A TEENAGED thug who killed a “good Samaritan” dad after a Wigan Athletic match has been caged indefinitely.
Jailing 17-year-old Jake Roberts for manslaughter, the sentencing judge said he had been “out of control” and had shown little if any remorse.
Roberts, who hails from Birmingham, but was lodging with a friend in Hindley Green at the time, killed father of five Stephen Garvey with a single, devastating blow.
Liverpool Crown Court Mr Garvey, 45, had earlier been to the Latics-Manchester United game at the DW Stadium on February 26 and was playing the “good Samaritan” in the early hours of the following by escorting a teenaged girl through Leigh when the attack took place.
The 16-year-old had earlier been with Roberts and his friend, but walked off alone after the friend assaulted another man knocking him unconscious outside a taxi office, said Stuart Driver, QC, prosecuting.
The court was told that Roberts had travelled to a Leigh nightclub with the friend that day and was “walking around the club staring at people as if he may cause trouble”. And the crowded courtroom was shown CCTV footage showing Mr Garvey walking along Henry Street with the girl and Roberts and his friend jumping off a wall and running after them. Witnesses saw Roberts felling him with one blow and then running away.
The friend later told police that Roberts said he had given the victim “a one-bomb” and needed to get out the area.
The fall fractured the back of Mr Garvey’s skull and he was pronounced dead at Wigan Infirmary less than two hours later.
Mr Driver said that after the match in Wigan with friends he had stayed out drinking. He met up with his wife Helen at the Waterside pub in Leigh but left about 2am following a minor disagreement with her. He resolved the disagreement by text while walking towards his home.
Roberts was arrested on March 4 in Birmingham after trying to avoid police by running through the home of an elderly couple and forcing his way onto the roof from where he shouted derogatory remarks about Mr Garvey.
Sentencing him, Mrs Justice Sharpe said that Mr Garvey, described as a loving husband and son and “brilliant dad,” had been acting as a Good Samaritan in walking along with the vulnerable girl.
“Your attack on Mr Garvey was completely unprovoked and he was entirely an innocent victim,” she said.
“It was not an unlucky punch in the course of a spontaneous fight but a wholly unproved hard blow to an innocent man whom you left in the street and have shown precious little if any remorse since.”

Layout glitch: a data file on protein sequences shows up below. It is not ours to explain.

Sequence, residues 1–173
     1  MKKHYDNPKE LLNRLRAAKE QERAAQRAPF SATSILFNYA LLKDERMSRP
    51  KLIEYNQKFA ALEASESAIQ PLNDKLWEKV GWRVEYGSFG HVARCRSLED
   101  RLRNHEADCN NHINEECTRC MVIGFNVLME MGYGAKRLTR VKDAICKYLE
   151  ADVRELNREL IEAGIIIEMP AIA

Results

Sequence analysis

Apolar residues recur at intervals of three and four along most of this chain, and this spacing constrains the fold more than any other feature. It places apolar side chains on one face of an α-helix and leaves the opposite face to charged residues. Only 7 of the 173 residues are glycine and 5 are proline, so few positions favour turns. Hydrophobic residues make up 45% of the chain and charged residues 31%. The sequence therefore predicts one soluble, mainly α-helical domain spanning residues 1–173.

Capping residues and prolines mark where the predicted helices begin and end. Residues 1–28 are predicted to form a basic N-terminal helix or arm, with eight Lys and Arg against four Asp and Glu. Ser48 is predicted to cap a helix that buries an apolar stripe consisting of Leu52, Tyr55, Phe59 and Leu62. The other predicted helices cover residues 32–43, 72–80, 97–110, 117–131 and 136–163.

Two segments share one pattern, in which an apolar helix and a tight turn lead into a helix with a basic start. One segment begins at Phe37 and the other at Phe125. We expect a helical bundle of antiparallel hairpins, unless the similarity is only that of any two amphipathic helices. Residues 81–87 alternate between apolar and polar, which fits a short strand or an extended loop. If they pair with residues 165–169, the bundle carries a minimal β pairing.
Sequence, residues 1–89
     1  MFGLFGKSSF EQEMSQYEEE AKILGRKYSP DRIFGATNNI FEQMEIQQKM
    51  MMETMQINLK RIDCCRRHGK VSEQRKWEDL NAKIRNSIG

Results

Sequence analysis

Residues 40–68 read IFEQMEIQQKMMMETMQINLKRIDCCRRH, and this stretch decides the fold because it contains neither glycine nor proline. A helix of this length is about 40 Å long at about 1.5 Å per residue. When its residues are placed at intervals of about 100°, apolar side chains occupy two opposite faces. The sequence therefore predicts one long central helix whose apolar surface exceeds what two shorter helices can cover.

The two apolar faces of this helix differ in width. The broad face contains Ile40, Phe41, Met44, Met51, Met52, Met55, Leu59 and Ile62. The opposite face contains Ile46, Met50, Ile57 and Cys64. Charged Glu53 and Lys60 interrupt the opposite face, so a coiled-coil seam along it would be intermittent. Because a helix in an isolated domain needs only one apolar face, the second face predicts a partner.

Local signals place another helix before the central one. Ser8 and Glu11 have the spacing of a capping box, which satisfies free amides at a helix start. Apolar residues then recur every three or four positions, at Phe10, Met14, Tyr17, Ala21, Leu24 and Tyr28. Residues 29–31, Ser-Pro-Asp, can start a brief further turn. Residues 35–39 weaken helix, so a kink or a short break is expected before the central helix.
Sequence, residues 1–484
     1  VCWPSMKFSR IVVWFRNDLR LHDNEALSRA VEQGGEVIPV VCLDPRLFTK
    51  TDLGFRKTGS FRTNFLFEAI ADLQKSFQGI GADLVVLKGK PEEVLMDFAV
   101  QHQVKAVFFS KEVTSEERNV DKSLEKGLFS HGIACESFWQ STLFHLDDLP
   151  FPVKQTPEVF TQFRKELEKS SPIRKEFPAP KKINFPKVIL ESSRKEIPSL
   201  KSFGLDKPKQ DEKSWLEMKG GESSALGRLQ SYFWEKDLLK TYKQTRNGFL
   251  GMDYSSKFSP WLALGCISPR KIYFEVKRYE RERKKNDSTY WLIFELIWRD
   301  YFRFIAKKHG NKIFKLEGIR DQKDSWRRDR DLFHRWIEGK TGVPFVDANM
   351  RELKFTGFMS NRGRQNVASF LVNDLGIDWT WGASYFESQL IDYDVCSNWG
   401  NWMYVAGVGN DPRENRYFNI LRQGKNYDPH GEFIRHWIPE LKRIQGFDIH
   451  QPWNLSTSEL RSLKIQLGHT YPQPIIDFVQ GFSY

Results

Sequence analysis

She said that Roberts, who had daily substance abuse, has nine convictions in three years escalating in seriousness. “Despite your youth you have already shown a worrying pattern of offending and violent behaviour.”
At the time of the latest offences “you were clearly out of control and had been for some time despite the efforts of your family and others to help,” added the judge.
The court heard that he is intelligent but immature, disruptive, aggressive and abusive and his behaviour on remand has been such that the Young Offenders Institution had asked for him to be moved.
Mrs Justice Sharpe imposed an indeterminate sentence for public protection with a minimum term of four years. “You will only be released when the authorities are satisfied that the risks you now pose are such that you can be safely released.”
Roberts, of George Road, Eddington, Birmingham, showed no sign of emotion as he was led to the cells.
He pleaded guilty to manslaughter and wounding with intent. The judge lifted a court order banning his identity being released.
After the hearing Senior Investigating Officer Andy Tattersall, from Greater Manchester Police’s Major Incident Team, said: “Stephen was a father and husband and, no doubt, when he saw this young woman looking upset wanted to make sure she was alright - his actions should have been commended - and he certainly should not have been attacked.
“Roberts and his friend might not have intended to cause any harm that night but young men coming-of-age need to realise that their bodies can be powerful weapons and can cause devastating damage like the injuries which ended Stephen Garvey’s life when he hit the ground after just one punch.
“Stephen’s youngest children will grow up not knowing their father and that should weigh heavily on Roberts’ mind for the rest of his life.”
Roberts’s 17-year-old friend, who cannot be named for legal reasons, was given eight months in a young offenders’ institution after admitting wounding at a separate hearing.